CANONSBURG – Part of protesting peacefully is hitting certain entities where it especially hurts.
“I’m sure you guys have seen companies on social media bashing our movement, not seeing the value in our lives, not seeing the point of why we’re out here. That’s disrespectful,” Faith McClendon told the hundreds of participants gathered early Saturday afternoon in front of the Canonsburg Municipal Building.
“And to be honest, we shouldn’t be giving them our money,” she continued. “If they’re not going to respect us, why should we give them our money?”
McClendon, who is studying criminal justice and computer forensics at Robert Morris University, was one of the organizers of a peaceful protest and march conducted as demonstrations continue in response to George Floyd’s death in police custody on Memorial Day.
She spoke during a pre-march rally, during which participants sat and observed eight minutes, 46 seconds of silence, symbolic of the amount of time that a Minneapolis police officer had his knee on Floyd’s neck prior to his death.
Another organizer, Clark Atlanta University senior Kierra King, explained before the period of silence that its purpose was “to really think about what’s going on in this world. Maybe put yourself in somebody else’s shoes and just think, what if it were you?”
Also, she explained the significance of Juneteenth, which commemorates the arrival of federal troops in Galveston, Texas, with long-overdue news of the Emancipation Proclamation.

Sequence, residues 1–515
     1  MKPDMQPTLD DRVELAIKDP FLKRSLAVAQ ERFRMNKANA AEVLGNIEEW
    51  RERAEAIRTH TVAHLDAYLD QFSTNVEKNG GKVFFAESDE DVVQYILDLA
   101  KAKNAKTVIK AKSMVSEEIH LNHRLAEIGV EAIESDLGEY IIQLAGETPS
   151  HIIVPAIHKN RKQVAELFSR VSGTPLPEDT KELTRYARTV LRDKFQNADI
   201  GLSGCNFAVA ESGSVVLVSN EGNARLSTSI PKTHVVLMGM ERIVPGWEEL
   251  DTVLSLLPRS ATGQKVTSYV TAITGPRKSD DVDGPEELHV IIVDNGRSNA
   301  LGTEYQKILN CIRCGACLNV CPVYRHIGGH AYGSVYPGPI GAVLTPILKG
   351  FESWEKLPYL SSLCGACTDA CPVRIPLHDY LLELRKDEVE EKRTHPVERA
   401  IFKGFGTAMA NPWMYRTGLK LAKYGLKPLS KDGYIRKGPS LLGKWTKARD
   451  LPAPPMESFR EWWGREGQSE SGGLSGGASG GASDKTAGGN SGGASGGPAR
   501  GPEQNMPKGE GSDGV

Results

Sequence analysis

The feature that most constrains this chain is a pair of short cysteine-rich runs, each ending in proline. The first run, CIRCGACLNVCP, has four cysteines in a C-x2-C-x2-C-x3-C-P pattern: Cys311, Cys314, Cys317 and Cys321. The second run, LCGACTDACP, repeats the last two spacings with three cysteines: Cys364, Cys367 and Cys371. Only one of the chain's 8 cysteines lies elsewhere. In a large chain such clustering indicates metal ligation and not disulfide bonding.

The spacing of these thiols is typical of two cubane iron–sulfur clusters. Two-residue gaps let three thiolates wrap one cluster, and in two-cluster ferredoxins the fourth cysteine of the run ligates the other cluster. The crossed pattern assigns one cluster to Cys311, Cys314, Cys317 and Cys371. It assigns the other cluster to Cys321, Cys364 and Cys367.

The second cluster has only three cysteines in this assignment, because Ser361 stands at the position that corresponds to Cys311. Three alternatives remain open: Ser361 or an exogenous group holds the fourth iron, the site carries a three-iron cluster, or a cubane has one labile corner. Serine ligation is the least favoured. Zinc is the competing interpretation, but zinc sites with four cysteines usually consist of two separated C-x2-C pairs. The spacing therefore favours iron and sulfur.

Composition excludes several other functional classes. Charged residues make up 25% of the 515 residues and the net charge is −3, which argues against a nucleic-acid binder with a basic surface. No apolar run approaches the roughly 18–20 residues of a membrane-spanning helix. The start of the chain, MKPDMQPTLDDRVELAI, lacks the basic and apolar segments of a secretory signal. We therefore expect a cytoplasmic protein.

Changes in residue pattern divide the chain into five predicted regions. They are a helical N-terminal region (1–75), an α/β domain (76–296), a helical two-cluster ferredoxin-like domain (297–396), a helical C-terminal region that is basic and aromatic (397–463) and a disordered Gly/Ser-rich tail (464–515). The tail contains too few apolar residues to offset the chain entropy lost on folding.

“A lot of us learned in school that it freed the slaves, but it didn’t free all the slaves. They were still gathering slaves in Texas. There were still slaves in Texas. And it wasn’t until 1865 – actually June 19, 1865 – that slaves were free,” King said about the entirety of the United States. “So that is why we celebrate Juneteenth. It is our Independence Day.”
Other features of the rally included the Rev. Anita Lovell, pastor of Mt. Olive Baptist Church in Canonsburg, leading the crowd in prayer, and Canon-McMillan High School student Brianna King singing “Lift Every Voice and Sing.” Often referred to as the Black national anthem, the song was composed as a poem by James Weldon Johnson and set to music by his brother J. Rosamond Johnson in the early 20th century.
Organizer Zhiere Patmon made sure to inform everyone present on Saturday that if they weren’t registered to vote yet, they had an opportunity to do so at a table set up for the purpose.
“In this election – in this election! – we need to go out and vote,” he said. “So that means whether we are voting for president, whether we are voting for mayor, whether we are voting for whatever office, we are citizens, and we have a right to let our voices be heard.”
The march took place as the temperature climbed into the low 80s, and the organizers provided plenty of ice water and snacks for those who joined the march, which proceeded along East Pike Street, North Jefferson Avenue, Arch Street, and North Central Avenue. A business along the route, Old Soul Tattoos, also had water and snacks available for marchers, plus the use of a restroom.
Participants in the peaceful protest also were offered masks for protection against COVID-19 and signs to carry during the march. Members of the Canonsburg Police Department helped ensure safety, as did trained marshals who walked with the protesters.